A consortium led by US entertainment company Live Nation has been selected as the preferred bidder to deliver a new 15,000-capacity indoor arena in Cardiff Bay that aims to become the “premier arena” in the south west region of England and Wales.

The announcement was made at a Cardiff Council meeting on Thursday evening, with plans for the partnership fleshed out today. The planned new venue will cost around £150m (€167.6m/$199.8m) to build and is projected to attract more than one million visitors and inject an estimated £100m into the local economy every year.

The Council has stressed will also deliver new jobs for local people, with over 2,000 jobs created during its three-year build programme and, once up and running, another 1,000 direct jobs and a further 600 jobs supported in the local economy.

In December 2019, Cardiff Council’s Cabinet granted approval for the Council to purchase the Red Dragon leisure complex in Cardiff Bay, part of the package of land intended for the arena. The Council said securing control of the site provided all of the land it needed to build the new facility.

From this point, the Council progressed a procurement process to secure a private-sector partner. It said two offers were received, with the Live Nation consortium, which also includes development partner Oak View Group (OVG) and construction company Robertson, selected.

Live Nation currently operates the 7,500-capacity Motorpoint Arena in the centre of Cardiff, which is ultimately expected to be replaced by the new venue. Cardiff Council Leader, Cllr Huw Thomas, said: “We remain committed to delivering a new indoor arena and today we have taken a big step forwards.  

“We believe the new arena will have a similar impact on Cardiff Bay, as St David’s 2 had on the city centre. It will act as a major catalyst for the next-phase regeneration of Cardiff Bay delivering new jobs and opportunities where they are most needed.

“It will also help with the case to improve public transport links to Cardiff Bay and will provide the impetus for a complete re-imagining of the Red Dragon Centre area. It’s an incredibly exciting opportunity for Cardiff, especially as we look to emerge from the economic damage of the pandemic.

“I know there will be voices asking ‘how can the council afford to be involved in a project like this at this time’, that’s why it’s important they know that this is a private-sector led proposal which the council is supporting. That means the private sector will be covering the lion’s share of the costs and taking the vast majority of risk associated with delivering this project.

“The Council’s capital commitment will be less than 15% and could be significantly lower by the end of the process, and instead we will use the strength of our covenant to enable our partner to access funding at a more affordable rate.”

The Council initially granted permission for detailed design works to commence on a new indoor arena back in November 2018. The Cabinet yesterday approved a report which authorises the preparation of the final detailed designs and costs before entering into a development contract in the summer.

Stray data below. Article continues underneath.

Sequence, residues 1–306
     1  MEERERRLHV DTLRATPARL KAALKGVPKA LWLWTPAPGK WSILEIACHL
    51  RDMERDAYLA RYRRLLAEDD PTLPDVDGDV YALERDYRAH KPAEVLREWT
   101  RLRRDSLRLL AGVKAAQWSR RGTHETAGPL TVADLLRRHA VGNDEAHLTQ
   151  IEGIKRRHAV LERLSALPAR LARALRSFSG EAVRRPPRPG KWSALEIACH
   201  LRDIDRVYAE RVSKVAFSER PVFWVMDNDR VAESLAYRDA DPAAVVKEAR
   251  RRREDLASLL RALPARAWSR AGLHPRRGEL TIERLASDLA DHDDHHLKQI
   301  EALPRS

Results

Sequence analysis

Cabinet Member for Investment and Development, Cllr Russell Goodway, said: “The arena will be located in close proximity to many of Cardiff’s most disadvantaged communities and we want those communities to benefit from the job opportunities which will become available.

“The council has secured commitments that jobs and training will be available for local people throughout the construction of the arena and also when it is open for business. There will be a key focus on helping the unemployed into work and engaging school leavers through new entrant, apprenticeship and graduate employment opportunities. It’s really important residents benefit from this project.”

With a seated capacity of 12,000, the new Cardiff Indoor Arena will also have a strong focus on sustainability and will aim to become one of the greenest venues of its type in the UK. Initially it will benefit from low-carbon heat produced through the planned District Heat Network and further work will be undertaken to achieve the aim of a net carbon zero development across the wider Atlantic Wharf regeneration area.

Goodway said: “The city’s strategy is to establish the Cardiff Arena as a top tier UK arena and to make it the premier arena in the south west region of England and Wales.

“Sound Diplomacy – the internationally-renowned advisors on the music industry – believe the arena will also become a fundamental component of Cardiff’s ‘Music City’ strategy. They say it will have ‘a positive impact at all levels of the live music ecosystem from the grassroots venues to our major spaces’ and it will support the development of a home-grown industry.”

Commenting on the announcement, a spokesperson for Live Nation, Oak View Group and Robertson, the developer and operator consortium, added: “We look forward to working in partnership with Cardiff Council to bring this ambitious vision to life over the next few years. 

“Our combined experience in the delivery and operation of facilities of this nature will result in a world-class facility that will bring economic benefits to the entire region, both during its construction and for many years to come once it’s open.

“In 2021 we will embark on the next phase of the planning process which will provide the wider community the opportunity to see our exciting proposals for the site.”

The new arena is expected to open in time to host its first event in February 2024.

Images: Cardiff Council